The Payroll Deductions total employment data (PD7) file was also used to improve the quality of missing or inconsistent total employment data. Payroll Deduction data are monthly data, and therefore, an annual average was calculated from the Canada Revenue Agency (CRA) monthly Payroll Deduction file for all firms that reported having one or more employees in at least one of the twelve months of the tax year.
Imputation method based on estimators generally refers to the use of ratios based on historical data or other variables on the questionnaire. To estimate R&D expenditures two years past the base year, editing rules were applied using donor ratios and a response was imputed based on the response of a similar firm in the same industry group. Data are modeled using mathematical formulae.
Donor records for imputation were determined by imputation class, which were defined by population subgroups, NAICS group and size. Size was determined by total R&D expenditure (total intramural and extramural expenditures) which was used to group enterprises. For the suite of RDCI surveys, the following imputation methods were employed: deterministic imputation, substitution, and use of estimators.
The quality of any statistical information is measured in a large part by the degree to which the final product meets the original objective of the survey. The RDCI survey intention is to monitor science and technology related activities in Canada and to support the development of science and technology policy.
In order to assure the highest quality of the data from this survey we continually monitor the coverage of our survey population, to ensure that all known enterprises in the universe are accounted for. If data are not obtained directly from the respondent many other sources are researched, including funders' reports where available, previous questionnaires or administrative data, and published data such as financial statements.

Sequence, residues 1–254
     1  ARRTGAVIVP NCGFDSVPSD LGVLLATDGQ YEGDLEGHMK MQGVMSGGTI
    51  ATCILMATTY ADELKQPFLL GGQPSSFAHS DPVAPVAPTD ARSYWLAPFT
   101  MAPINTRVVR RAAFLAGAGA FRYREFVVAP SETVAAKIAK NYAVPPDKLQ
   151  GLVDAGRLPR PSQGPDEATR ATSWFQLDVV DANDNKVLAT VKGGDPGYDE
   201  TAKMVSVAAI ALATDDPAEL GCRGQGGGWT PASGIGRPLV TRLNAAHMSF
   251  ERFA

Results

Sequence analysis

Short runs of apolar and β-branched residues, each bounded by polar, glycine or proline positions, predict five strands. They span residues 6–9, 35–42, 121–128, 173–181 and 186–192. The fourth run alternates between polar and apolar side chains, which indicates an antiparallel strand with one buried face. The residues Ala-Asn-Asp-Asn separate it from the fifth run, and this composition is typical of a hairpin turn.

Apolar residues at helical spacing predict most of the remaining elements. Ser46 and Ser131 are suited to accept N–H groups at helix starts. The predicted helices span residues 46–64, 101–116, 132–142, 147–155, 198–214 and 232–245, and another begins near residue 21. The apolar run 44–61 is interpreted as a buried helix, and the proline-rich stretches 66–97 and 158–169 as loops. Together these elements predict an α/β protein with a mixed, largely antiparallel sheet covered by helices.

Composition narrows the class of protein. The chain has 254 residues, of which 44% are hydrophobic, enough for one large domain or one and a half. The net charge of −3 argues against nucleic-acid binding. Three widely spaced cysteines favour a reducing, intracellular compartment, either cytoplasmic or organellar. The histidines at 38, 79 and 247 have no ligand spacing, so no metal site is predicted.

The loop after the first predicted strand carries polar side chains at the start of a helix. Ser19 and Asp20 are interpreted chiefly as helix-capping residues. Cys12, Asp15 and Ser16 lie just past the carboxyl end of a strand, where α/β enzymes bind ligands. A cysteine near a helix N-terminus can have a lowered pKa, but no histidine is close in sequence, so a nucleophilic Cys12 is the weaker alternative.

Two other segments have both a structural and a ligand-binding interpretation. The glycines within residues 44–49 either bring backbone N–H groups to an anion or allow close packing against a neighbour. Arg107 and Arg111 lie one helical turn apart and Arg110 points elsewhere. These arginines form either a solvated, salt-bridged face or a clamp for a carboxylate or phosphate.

Statistics Canada is prohibited by law from releasing any information it collects which could identify any person, business, or organization, unless consent has been given by the respondent or as permitted by the Statistics Act. Various confidentiality rules are applied to all data that are released or published to prevent the publication or disclosure of any information deemed confidential. If necessary, data are suppressed to prevent direct or residual disclosure of identifiable data.
To prevent disclosing data on individual respondents, many items or cells must be grouped together to provide sufficient observations for dissemination (e.g., socioeconomic objectives).
Revisions and seasonal adjustment
Administrative data are used for this survey. Updates of the administrative data and filing timelines necessitate historical revisions to the data. Normally the two years prior to the current survey year are revised.
One of the problems in a survey of this type is to ensure that the quality of the data is satisfactory. It cannot be expected that all firms funding R&D will be surveyed, will respond and will report correctly.
There are sources of information such as federal government grant contract lists to aid in identifying firms and editing returns.
The coverage, however, is probably not complete. This is especially true for the smaller companies in the service industries. In addition, R&D is a term subject to inconsistencies. Thus, the data, although reasonably accurate, cannot be regarded as precise.
- Chart of Accounts (COA)
- History of the Research and Development in Canadian Industry Survey